2011: Institution of a special prosecutor in the Office of the Director
of Public Prosecutions to handle trafficking cases.

2009: Construction of a shelter for victims of trafficking

2007: Passage of the Trafficking in
Persons (Prevention, Suppression and Punishment) Act.

2005: Establishment of an inter-agency task force, now the National
Task Force Against Trafficking in Persons (NTFATIP).

2004: Passage of the Child Care and Protection

In light of the above, one can
conclude that Jamaica has progressively taken steps towards the
elimination of trafficking in persons, since the first year of its
assessment by the US Department of State in 2003.


Notwithstanding, in 2012, Jamaica was
downgraded from Tier 2 to Tier 2WL. The justification was that Jamaica
did not 'demonstrate evidence of
efforts to address human trafficking over the previous reporting
(US Department of State, 2012, p.198, emphasis

The quote highlights the fact that even where
countries undertake significant efforts - though I disagree with the use
of word 'significant' based on limited activities discussed in the
country profile, it must demonstrate that these efforts surpass
initiatives undertaken in previous years. This is further clarified in
the distinctions between the Tier 2 and Tier 2WL

According to the US Department of State,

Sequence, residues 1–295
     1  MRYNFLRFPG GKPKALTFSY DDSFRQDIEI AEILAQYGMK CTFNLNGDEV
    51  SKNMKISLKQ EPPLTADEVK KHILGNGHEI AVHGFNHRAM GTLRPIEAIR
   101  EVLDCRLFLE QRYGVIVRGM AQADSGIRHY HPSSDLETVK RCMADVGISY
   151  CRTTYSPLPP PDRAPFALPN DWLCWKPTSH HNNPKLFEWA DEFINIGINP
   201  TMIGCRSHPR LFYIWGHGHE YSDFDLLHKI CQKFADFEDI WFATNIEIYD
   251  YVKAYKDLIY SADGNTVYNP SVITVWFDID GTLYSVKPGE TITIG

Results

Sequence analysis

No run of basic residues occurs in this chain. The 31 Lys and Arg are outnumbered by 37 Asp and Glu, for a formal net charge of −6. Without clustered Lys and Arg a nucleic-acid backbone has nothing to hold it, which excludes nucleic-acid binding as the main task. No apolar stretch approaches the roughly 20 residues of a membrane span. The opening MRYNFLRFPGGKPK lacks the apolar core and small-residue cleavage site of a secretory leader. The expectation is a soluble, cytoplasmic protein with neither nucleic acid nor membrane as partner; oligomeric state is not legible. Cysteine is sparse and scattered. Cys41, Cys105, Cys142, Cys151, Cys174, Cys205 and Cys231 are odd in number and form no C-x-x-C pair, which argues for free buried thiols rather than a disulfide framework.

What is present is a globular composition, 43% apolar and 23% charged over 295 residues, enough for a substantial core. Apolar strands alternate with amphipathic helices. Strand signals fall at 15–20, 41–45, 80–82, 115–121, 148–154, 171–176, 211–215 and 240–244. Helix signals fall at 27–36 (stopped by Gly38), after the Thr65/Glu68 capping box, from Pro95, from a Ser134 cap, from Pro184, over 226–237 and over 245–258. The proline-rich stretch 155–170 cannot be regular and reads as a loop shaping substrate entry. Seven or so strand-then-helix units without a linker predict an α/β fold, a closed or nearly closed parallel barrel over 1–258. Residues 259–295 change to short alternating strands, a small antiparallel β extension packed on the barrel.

Tier 2WL and Tier 2 countries both 'do not fully comply with the TVPA's
minimum standards, but are making significant efforts to bring
themselves into compliance with those standards'
However, Tier 2WL countries are distinct from Tier 2 countries for the
following reasons - the number of (absolute) victims of trafficking has
increased significantly and the Government has not provided evidence
that it has undertaken increased efforts to combat trafficking (which
would be evident in plans outlined for the upcoming

This year, Jamaica was upgraded from Tier 2WL
to Tier 2. A reading of the 2013 report indicates that Jamaica had taken
significant steps in each of the three areas discussed - protection,
prosecution and prevention, over the past

Further, the efforts undertaken in 2012 were
qualitatively and quantitatively superior to those undertaken in 2011.
These initiatives included the identification of victims of trafficking,
removal of a number of children (more than 105) from child-labour
situations, initiation of new prosecutions, initiation of a number of
investigations into sex trafficking and also in labour trafficking,
training of Jamaica Constabulary staff, public awareness campaigns, the
drafting of a National Plan of Action, and guidance to immigration
officials on treatment of victims of


the efforts are commendable, the report raises some concerns. A